Terry: They have to learn to train their employees for credential monitoring on the dark web, because a lot of times cybercriminals are using passwords that have leaked onto the dark web and using what’s called credential stuffing attacks to sign in to the company. Once they have access, especially if it’s admin access, they can actually start deploying ransomware … The moment it can get into your environment, the first thing that’s going to do is try and find out the name of your systems, your domain controllers in your environment. And then it’s going to perform some searches against those systems to see the names of the computers that are in the environment. Once it has that list of computers it’s going to start passing off those credentials and start signing into those computers. And then once it’s in, it starts encrypting those computers.

Howard: Ever since the Ransomware Task Force a week or so ago issued a report the President [Biden], has said the United States wants to get more active in ransomware. There’s been a lot of pressure on countries to get together, to have their law enforcement agencies get together and go after ransomware gangs and their infrastructure. And that works: In January, for example, the Netwalker ransomware gang’s infrastructure was taken down with help from the RCMP in Canada, the FBI in the United States and European law enforcement agencies.

Terry: It really does work, but the problem is a lot of times when we deal with law, when we work with law enforcement a lot of times they’re understaffed, overworked, and it’s very hard to have all the attention and focus on taking these types of gangs down. But when, when it works, it really works.

Howard: I know in April there was a meeting of the cabinet ministers who were responsible for international policing in the Five Eyes countries. And that includes Canada, the United States, the United Kingdom, Australia, and New Zealand, and they signed a joint declaration promising to work harder together to go after ransomware gangs. So that’s a good sign.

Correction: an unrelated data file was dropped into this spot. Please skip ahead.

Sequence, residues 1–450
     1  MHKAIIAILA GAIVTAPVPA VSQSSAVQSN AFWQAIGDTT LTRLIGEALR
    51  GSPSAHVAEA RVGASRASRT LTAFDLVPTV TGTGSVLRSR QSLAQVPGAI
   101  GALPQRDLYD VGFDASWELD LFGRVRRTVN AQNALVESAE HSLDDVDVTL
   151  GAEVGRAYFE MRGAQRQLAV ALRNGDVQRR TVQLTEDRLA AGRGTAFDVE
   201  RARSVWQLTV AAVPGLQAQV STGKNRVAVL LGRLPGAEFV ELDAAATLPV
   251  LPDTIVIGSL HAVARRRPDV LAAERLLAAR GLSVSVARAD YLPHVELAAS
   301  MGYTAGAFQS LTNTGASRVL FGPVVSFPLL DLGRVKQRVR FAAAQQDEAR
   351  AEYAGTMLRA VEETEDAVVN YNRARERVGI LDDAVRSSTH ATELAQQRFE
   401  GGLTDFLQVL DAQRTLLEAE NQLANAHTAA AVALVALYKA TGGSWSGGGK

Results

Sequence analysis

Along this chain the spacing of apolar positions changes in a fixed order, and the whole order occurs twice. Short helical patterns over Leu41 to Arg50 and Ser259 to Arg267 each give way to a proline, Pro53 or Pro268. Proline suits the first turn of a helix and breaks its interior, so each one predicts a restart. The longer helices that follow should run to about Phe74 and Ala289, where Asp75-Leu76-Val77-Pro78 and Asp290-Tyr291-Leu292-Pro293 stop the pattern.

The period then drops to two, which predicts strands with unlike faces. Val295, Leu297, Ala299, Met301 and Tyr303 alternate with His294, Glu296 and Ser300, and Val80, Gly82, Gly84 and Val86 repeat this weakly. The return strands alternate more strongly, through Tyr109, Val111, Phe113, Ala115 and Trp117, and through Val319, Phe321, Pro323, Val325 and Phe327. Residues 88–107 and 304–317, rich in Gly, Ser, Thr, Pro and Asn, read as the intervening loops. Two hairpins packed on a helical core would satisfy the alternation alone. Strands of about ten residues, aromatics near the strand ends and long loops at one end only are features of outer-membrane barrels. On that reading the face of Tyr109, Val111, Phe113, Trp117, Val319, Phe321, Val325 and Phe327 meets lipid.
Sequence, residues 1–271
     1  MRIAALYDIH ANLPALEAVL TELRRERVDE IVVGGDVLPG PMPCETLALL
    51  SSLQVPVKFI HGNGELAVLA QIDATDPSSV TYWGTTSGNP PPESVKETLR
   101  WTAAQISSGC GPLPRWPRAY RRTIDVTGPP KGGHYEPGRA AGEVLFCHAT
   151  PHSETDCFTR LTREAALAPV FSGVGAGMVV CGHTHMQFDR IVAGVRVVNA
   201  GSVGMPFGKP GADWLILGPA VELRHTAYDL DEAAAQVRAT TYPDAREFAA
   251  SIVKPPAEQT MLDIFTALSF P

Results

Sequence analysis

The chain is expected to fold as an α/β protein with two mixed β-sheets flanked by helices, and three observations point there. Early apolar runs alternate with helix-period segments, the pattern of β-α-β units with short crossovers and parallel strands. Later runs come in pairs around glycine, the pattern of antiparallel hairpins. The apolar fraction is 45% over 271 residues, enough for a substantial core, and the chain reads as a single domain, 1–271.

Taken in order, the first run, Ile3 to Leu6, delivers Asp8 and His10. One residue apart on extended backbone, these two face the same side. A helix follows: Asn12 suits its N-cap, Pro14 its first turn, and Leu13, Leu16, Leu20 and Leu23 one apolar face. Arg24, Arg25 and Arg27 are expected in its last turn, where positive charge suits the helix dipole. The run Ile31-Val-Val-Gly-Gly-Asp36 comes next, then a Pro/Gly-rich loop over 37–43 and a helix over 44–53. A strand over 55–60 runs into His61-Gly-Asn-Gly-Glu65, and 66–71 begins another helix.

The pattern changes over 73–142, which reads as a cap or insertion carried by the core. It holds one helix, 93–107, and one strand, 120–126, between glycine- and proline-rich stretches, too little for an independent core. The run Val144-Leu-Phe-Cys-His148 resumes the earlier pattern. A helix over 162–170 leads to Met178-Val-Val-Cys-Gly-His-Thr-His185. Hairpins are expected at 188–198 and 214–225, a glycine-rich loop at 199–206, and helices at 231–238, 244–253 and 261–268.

Meanwhile just to reinforce that ransomware, isn’t going away here are some of the latest ransomware victims: A British online insurance broker, branches of the insurance company AXA, Ireland’s health service, a division of Toshiba. And I haven’t been able to confirm it, but a ransomware gang says it’s hit a Calgary distribution company. What are some of the best ways that organizations can protect against ransomware?

Terry: One of the ways is to make sure your backups are protected. Make sure you have multiple copies, especially offline copies. This way, if you are hit with ransomware you’ll be able to recover a lot quicker. Now, the challenge that’s going to happen here is that if cybercriminals have gotten into your environment and have stayed undetected for months there’s a good chance they may have copied your data. So even though you can recover from a ransomware attack with your backups, they may come back and extort you in order to not leak your data.

You need to have two-factor authentication [for extra login protection]. A lot of companies don’t have that properly implemented right now. Also, make sure you’re using a VPN [virtual private network] and also be careful with [Windows] RDP — remote desktop protocol.

Watch out who you give administrator access to: Only the administrators should have admin rights. Make sure you employ the principles of least privilege … Another thing companies aren’t doing a lot of is network segmentation … to prevent a, a full catastrophic failure should ransomware occur.

When we do audits we still see a lot of companies don’t have the basics down – like patching your systems correctly, or having users in the Active Directory that haven’t been with the company for years and years.

Train your users. Awareness training is key. That was one of the biggest ways in 2020 that cyber attacks were happening — through phishing. Train users what not to click on. We have problems with companies using antivirus software that don’t have the proper protection. So always go for the paid versions of this software. Look at your firewall, and for email filtering software that can control malicious attachments that come in.

Make sure you meet with your team as well to make sure that there is a business disaster recovery plan in place. So, should a disaster occur you know what to do, in what order and who to contact.

(To hear the full podcast play the recording)

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Jim Love, Chief Content Officer, IT World Canada
Howard Solomon
Howard Solomon
Currently a freelance writer, I'm the former editor of ITWorldCanada.com and Computing Canada. An IT journalist since 1997, I've written for several of ITWC's sister publications including ITBusiness.ca and Computer Dealer News. Before that I was a staff reporter at the Calgary Herald and the Brampton (Ont.) Daily Times. I can be reached at hsolomon [@] soloreporter.com